James Madison Papers

To James Madison from the Citizens of Lexington, Kentucky, 26 June 1812 (Abstract)

§ From the Citizens of Lexington, Kentucky

26 June 1812. “When a Crisis arrives in the affairs of a Free, Independent, and Republican nation, a nation, acknowledging the obligations of Justice, and the Will of the People as the sole guides of their Publick conduct, to assert by force those Rights of which a Hostile Power has by a series of the most wanton and continued aggression attempted to deprive them: it becomes not merely the privilige, but the duty, of every portion of the community to express their opinions freely respecting public men and public measures.

“And this appears evidently to be the more necessary, when the success of those measures, must essentially depend upon the support derived from publick sentiment.

“The People of Lexington and its Vicinity, believing that such a Crisis has arrived, as respects the People of America and the Government of Great Britain: And being assured from sources which do not admit of doubt, that War has been declared by the United States against that Power, after a patience of Injury unparalled in history, and unbecoming a Brave and Free People: are desirous to Testify their sense of this important measure, and to throw their mite into the Great National Balance, upon this momentous occasion. They are aware, that it belongs immediately to the constituted authorities, to decide on this interesting subject. But they cannot forget, that their decision, ought to be the mere expression of their public will.”

Resolve that war has been forced upon the U.S. by Great Britain “by a course of measures, directed, both insidiously and openly, against the happiness, honour and independence of our country—which, if followed by submission on our part, must end in the subversion of our government, and the destruction of all that free men, should hold most dear.” Resolve that “the American People call aloud for a War against Great Britain: (1) Because she has made slaves of thousands of our citizens, immured them in her floating dungeons, and compelled them to fight her battles: (2) Because she has seized … millions-worth of our property” and unduly regulated American commerce; “(3.) Because she has attempted to divide our Union and excite Domestick Insurrections amongst us: (4.) Because she has endeavoured ‘to bring on the inhabitants of our frontiers the merciless Indian Savages …’: (5.) Because in fine, she neither promises us redress for all those Insults and Injuries, nor that she will refrain from the commission of them in future.”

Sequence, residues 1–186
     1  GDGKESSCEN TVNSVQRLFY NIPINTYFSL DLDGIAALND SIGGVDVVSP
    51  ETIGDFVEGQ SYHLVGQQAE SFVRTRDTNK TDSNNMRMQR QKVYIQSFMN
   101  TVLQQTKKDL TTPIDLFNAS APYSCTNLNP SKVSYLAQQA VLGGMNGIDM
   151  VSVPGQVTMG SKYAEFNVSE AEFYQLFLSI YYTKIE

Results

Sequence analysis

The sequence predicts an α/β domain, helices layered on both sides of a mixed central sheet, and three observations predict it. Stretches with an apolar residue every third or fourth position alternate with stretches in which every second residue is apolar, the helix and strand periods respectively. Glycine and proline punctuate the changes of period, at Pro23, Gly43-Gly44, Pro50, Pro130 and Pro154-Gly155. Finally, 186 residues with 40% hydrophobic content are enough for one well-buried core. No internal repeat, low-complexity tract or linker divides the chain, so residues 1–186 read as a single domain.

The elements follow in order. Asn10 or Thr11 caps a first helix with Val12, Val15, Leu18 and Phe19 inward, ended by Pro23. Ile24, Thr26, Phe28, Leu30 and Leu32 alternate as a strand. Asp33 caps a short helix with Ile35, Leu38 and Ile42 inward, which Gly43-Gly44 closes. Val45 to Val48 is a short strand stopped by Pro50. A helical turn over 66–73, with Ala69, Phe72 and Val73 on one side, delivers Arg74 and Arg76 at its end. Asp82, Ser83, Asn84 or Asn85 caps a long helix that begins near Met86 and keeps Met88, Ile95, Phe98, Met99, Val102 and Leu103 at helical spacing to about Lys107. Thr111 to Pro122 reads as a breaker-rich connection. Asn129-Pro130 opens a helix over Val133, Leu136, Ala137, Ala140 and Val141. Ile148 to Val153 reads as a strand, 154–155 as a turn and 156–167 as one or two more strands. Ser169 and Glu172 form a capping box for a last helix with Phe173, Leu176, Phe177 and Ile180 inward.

Resolve to support the administration “through all the stages of war.” Resolve “that those who have temporised, or opposed, the declaration of war, are unworthy the confidence of freemen.” Resolve that war with France “would imprudently hazard our means of annyoing [sic] Great Britain.” “And we think it would be criminal folly to put it out of our power, to assert one just claim, because we have another unsatisfied.” Resolve to “view those who will not aid our Government in this our second struggle for Independence, as enemies of their country.” Resolve that similar meetings should be held by all Americans to show “that our Administration have the entire confidence of the American People.” Resolve “that copies of these Resolutions be forwarded to the Governor of this State, to the President of the United States, and to each House of Congress.”

RC (DNA: RG 59, ML). 6 pp. Signed by Thomas Barr, secretary of a meeting of the citizens of Lexington. Enclosed in Thomas Barr to JM, 30 June 1812 (ibid.). Postmarked Lexington, 9 July.

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